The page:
A retrospective analysis of visual outcomes in laser vision correction of hyperopic patients using the VISX STAR S4 IR® and the WaveLight® EX500 excimer laser platforms
Nitz, Michael Allen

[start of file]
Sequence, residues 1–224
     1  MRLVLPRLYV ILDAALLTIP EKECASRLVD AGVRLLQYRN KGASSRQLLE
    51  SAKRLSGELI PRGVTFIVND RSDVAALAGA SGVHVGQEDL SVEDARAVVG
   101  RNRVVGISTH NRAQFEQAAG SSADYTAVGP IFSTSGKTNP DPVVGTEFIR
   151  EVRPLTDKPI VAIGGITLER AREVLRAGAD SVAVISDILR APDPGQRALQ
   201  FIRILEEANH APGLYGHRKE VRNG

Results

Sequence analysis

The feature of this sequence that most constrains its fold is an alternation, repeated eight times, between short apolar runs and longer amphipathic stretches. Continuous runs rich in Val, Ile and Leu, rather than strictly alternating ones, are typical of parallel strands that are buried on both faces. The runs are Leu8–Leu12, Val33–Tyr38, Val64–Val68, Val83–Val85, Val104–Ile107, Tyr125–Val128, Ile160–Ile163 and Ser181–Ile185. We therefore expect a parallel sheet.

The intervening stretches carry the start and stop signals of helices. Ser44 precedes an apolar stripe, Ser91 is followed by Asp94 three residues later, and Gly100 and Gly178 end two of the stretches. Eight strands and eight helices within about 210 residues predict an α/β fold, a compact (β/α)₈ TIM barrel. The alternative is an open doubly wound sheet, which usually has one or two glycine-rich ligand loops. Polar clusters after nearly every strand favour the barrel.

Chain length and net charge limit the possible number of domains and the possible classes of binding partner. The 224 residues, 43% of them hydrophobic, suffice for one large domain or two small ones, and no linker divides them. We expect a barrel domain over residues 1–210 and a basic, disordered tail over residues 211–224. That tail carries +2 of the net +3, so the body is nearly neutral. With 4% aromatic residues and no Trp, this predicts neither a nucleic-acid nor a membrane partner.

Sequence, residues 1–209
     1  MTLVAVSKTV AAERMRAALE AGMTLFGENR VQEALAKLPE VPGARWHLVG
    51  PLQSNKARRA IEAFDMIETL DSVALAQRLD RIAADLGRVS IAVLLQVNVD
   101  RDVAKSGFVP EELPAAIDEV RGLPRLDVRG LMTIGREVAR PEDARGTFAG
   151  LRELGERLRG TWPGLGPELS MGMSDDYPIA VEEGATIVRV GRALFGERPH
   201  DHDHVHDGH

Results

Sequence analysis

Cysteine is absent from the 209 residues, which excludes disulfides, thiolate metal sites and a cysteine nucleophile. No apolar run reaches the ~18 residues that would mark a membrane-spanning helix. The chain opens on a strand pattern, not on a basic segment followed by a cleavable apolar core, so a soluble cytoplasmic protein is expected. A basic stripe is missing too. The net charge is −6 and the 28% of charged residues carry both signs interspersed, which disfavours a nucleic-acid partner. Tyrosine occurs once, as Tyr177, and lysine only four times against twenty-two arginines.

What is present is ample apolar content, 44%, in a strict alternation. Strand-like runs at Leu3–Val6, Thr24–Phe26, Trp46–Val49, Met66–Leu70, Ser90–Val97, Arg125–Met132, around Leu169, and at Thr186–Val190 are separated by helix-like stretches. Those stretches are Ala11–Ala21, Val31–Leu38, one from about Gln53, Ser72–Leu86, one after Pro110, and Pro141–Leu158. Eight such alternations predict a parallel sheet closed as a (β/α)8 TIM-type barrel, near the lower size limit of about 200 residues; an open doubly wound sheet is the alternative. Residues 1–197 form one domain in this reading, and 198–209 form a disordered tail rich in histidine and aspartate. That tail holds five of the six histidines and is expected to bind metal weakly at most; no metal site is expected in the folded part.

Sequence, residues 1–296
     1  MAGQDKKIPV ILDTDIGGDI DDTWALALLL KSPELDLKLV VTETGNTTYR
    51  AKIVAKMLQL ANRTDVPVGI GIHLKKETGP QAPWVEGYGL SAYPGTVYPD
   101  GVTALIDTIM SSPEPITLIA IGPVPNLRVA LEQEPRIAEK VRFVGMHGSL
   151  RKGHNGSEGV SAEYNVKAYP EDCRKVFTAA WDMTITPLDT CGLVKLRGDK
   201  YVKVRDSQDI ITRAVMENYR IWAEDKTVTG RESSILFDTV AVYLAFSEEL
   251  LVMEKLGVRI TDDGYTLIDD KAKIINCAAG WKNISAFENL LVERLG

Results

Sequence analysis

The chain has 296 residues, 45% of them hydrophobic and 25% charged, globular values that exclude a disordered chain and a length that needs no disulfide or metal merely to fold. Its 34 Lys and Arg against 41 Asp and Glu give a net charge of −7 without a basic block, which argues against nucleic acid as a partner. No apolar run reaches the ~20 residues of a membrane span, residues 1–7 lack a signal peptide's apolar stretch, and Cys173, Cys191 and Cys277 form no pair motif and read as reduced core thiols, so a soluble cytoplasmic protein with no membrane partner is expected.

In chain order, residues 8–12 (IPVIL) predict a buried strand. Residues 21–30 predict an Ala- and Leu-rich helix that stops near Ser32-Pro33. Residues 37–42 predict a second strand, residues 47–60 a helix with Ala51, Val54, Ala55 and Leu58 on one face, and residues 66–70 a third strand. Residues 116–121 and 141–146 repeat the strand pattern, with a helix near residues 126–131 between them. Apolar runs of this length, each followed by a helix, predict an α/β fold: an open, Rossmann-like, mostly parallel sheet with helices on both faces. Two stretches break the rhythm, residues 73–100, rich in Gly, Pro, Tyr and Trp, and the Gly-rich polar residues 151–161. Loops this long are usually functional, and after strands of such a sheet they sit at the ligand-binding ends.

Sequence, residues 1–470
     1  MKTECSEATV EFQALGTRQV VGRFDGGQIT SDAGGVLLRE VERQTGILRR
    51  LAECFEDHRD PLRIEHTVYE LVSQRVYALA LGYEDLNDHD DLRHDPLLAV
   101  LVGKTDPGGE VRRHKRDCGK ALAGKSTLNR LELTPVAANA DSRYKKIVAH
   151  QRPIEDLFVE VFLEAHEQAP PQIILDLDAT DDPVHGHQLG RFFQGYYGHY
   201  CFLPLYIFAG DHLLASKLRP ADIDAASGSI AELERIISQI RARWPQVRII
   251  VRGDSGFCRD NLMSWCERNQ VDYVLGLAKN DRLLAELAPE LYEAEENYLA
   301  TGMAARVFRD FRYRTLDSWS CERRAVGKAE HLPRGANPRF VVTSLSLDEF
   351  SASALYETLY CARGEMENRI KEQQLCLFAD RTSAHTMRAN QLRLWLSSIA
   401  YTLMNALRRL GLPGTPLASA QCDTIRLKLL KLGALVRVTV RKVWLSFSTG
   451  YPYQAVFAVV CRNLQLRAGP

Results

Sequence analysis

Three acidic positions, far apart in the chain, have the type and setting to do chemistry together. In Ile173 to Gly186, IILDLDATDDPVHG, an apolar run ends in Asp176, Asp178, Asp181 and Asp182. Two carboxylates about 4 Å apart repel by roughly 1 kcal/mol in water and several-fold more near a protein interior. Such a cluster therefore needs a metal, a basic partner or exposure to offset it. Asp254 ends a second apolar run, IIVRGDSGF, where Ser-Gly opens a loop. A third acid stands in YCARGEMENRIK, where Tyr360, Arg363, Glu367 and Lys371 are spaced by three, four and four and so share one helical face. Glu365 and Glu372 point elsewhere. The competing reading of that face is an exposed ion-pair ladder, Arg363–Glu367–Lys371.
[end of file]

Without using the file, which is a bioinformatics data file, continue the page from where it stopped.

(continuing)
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BACKGROUND: Laser vision correction (LVC) developed as a more permanent alternative to other forms of refractive error correction. In the last several decades, visual outcomes of corneal refractive surgeries like LVC have improved dramatically with the discovery of new technologies and techniques designed to make the patient experience more comfortable and worthwhile. LVC has been shown to safely and effectively treat refractive errors in myopic and hyperopic eyes, with gradually improving outcomes and safety measures. However, it is important to note whether specific excimer lasers impart the same level of safe, effective treatments for patients as technology advances. OBJECTIVE: This study aims to identify whether any statistically significant difference exists in the visual and refractive outcomes of hyperopic laser vision correction using two excimer laser platforms, the VISX STAR S4 IR® and the WaveLight® EX500, and to determine whether either laser shows any statistically significant difference in the rate of repeat surgery within one year post-operatively. METHODS: Using EMR data collected from December 2008 through December 2016, distance and near visual acuity outcomes for hyperopic eyes treated with LASIK, LASEK, or PRK were compared at one month and up to one year post-operatively. Distance eyes were compared separately from monovision (near-targeted) eyes for visual acuity; however, if manifest refraction post-operative data were available, they were used to identify whether any difference existed in the refractive outcomes in either category. The number of enhancements (repeat surgeries) was also tabulated. X2 Tests of Independence were used to determine statistical significance. RESULTS: Visual acuity outcomes in distance eyes at one month post-operatively showed similar trends between the two lasers, with 54% of the 267 VISX- and 60% of the 119 EX500-treated eyes presenting with UCVA of 20/20 or better. Eyes available for follow-up within one year post-operatively kept with this trend; 98 (51%) VISX- and 58 (67%) EX500-treated, eyes had UCVA measured at 20/20 or better. For monovision (treated for reading vision) eyes, 29 (47%) eyes and 19 (54%) of VISX- and EX500-treated eyes, respectively, read J1+ by one month post-operatively. By one year, 16 (39%) and 3 (21%) of available eyes read J1+ after treatment with the VISX and EX500 respectively. The relative enhancement rate was 7.82% (28 eyes) on the VISX and 4.19% (7 eyes) on the EX 500. CONCLUSION: Overall, visual outcomes of laser vision correction for hyperopic patients did not differ consistently between the two lasers. Only distance-treated eyes measured up to one year post-operatively showed a statistically significant difference between the two lasers. The visual and, more importantly, the refractive outcomes were statistically similar at both one month and up to one year post-operatively irrespective of treatment type. Enhancement rate between the two lasers also showed no differences. Both lasers are similarly safe and effective for treating hyperopia and hyperopic astigmatism.